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Thread: Help with compromised accounts

  1. #1
    Userx is offline New Member
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    Default Help with compromised accounts

    I cannot think I am the only one experiencing this problem and hope to find some suggestions to help mitigate it.

    Earlier in December a SPAM email was delivered to large groups of people in our domain. The SPAM had a simple statement that 'we' were doing webmail maintenance and to click here. The click here took them to a site hosted on a free service that displayed a webmail login page that looked almost exactly the same as ours. Side by side only a few slight differences existed. As users entered their login and password they were taken to a "thank you" page. At that point a remote person has access to multiple webmail accounts.

    The person with this information now has access to an unknown amount of accounts. They are using these accounts periodically to send mass SPAM messages to other domains.

    We identify the problem when our Deferred Mail queue starts getting overloaded. I quickly see the account in question is sending SPAM.

    Here is my problem. I am fighting this reactively after the account is used. We have setup a few jobs to search for changed Signature lines and forwarding addresses. Once the hacker changes the signature line of an account we are notified and lock the account.
    We have requested all students change their password, but hard to get the message out to 10,000 people via email they do not all use regularly. We are aging out our passwords so they expire and are forced to change next week.

    My real question is how to avoid this to begin with. Our spam filters (two systems) do not filter out all the spam. The crap that gets through sometimes is very distructive like my problem above. What tools or processes can we implement to catch this problem in the future. Anybody with external webmail access has to deal with this. Anybody can give their access to webmail away.

    Thanks for any feedback,
    J

  2. #2
    LMStone's Avatar
    LMStone is offline Moderator
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    Quote Originally Posted by Userx View Post

    My real question is how to avoid this to begin with.

    Thanks for any feedback,
    J
    This isn't a Zimbra question so much as a user-education issue regarding phishing techniques in general, or did I miss something?

    I personally don't believe you can stop all users from making these kinds of mistakes. So, aside from end-user education (and reinforcement), I'd just be sure I was using an outbound smart host to filter my outbound Zimbra mail, and have it let me know when my Zimbra system (and which account) starts sending spam. That you are being notified by an increasing large deferred queue means you have an opportunity to catch trouble perhaps a day or more earlier than you are now IMHO.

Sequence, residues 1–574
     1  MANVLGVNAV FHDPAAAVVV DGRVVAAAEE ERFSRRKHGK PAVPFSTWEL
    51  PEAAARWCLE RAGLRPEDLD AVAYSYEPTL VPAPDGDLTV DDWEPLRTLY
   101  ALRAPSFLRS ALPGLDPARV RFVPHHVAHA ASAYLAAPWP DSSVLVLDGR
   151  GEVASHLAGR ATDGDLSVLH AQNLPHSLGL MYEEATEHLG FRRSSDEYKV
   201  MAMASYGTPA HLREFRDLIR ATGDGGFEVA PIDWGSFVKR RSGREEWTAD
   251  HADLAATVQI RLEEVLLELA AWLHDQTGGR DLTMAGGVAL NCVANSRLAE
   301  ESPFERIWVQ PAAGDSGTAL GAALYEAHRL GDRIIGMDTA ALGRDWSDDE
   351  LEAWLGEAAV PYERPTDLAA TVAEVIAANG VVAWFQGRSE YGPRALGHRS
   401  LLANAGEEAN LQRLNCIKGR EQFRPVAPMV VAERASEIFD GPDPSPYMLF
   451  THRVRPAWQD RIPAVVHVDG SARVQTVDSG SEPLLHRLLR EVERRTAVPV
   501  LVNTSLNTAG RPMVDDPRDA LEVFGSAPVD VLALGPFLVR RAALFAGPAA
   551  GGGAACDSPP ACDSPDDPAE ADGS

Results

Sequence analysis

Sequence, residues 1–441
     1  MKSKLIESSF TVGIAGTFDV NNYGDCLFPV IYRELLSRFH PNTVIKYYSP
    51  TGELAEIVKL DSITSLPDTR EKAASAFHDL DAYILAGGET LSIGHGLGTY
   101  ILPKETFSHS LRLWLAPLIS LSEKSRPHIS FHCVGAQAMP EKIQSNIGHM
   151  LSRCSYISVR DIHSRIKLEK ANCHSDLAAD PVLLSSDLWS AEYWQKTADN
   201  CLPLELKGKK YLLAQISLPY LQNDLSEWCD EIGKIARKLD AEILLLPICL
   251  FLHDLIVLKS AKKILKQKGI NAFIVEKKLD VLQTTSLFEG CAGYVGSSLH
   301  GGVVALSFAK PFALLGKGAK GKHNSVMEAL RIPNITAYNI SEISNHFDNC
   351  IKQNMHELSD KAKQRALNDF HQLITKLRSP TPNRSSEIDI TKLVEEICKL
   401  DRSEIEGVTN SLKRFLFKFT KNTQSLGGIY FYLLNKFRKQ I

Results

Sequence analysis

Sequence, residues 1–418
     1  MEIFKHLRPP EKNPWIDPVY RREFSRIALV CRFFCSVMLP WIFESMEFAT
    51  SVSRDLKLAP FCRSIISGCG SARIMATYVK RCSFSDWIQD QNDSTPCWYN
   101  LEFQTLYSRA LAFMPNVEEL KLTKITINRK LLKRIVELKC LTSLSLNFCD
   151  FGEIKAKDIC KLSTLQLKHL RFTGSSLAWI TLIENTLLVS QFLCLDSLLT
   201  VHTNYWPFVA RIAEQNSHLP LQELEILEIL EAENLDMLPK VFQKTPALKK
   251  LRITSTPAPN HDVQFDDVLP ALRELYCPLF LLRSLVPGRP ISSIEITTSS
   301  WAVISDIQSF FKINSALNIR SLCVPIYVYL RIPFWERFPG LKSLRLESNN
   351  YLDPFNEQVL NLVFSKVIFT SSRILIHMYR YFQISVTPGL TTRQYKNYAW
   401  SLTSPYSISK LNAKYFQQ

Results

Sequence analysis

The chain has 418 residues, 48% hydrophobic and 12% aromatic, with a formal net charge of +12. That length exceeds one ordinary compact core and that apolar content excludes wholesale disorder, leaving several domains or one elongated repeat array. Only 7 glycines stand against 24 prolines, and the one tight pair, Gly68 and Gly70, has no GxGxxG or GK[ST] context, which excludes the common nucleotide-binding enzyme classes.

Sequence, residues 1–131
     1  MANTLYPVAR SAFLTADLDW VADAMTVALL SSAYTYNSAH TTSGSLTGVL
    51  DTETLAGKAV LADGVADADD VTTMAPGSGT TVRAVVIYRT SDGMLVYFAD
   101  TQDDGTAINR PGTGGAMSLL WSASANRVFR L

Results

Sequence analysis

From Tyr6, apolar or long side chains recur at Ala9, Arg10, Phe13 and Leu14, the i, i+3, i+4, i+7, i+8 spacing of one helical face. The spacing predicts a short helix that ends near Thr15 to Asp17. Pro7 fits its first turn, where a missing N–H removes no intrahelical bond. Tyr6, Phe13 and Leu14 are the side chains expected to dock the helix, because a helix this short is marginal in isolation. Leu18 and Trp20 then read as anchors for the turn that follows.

Hope that helps,
    Mark
    Last edited by LMStone; 01-27-2009 at 10:09 AM.

  3. #3
    mtorres is offline Trained Alumni
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    That's a tough one. I have never had this certain problem, but when we start having phishing problems or malware problems for that matter I really tighten up the content filter. If I haven't unblocked the website and the content filter doesn't have it in it's definitions as ok, it get's blocked. You have to do a lot of unblocking, but imo it is better than having to fix a lot of these kinds of problems. I also tighten up the firewall to block a lot of foreign IP's. Another thing that I implemented was snort and it notifies me if someone visits anyone on the Spamhaus DROP list or any of the RBN IP's. I would bet money you can easily create a snort signature that would alert you if a website your user is visiting has the similar content as your webmail login website and is not your webmail server.

  4. #4
    kirme3 is offline Trained Alumni
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    What 2 spam filters are you using?(if you don't mind)

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    Luckily we have yet to be bitten by a phisher setting up a clone of our centralized login page, but I'm sure it's just a matter of time.

    On our old Webmail system, it had access to the user's password (because it used POP to grab their mail) and so I was able to scan users' outbound mail *before* it was sent to make sure no password was present. It logged any attempt to send a password and we usually got several hits per week.

    Now that our students are on Zimbra, that particular checker is gone and the number of compromised accounts has shot up (several each week).

    So I'm currently working on an outbound rate-limiting Milter (Sendmail/Postfix plugin) that will prevent anyone from sending to more than 1000 recipients per day. By skipping single-recipient messages and local recipients, I expect to be able to really minimize the false-positives. Any attempt to exceed the limit will silently quarantine the message and notify me. This won't prevent the account from getting compromised, but at least it'll minimize the collateral damage.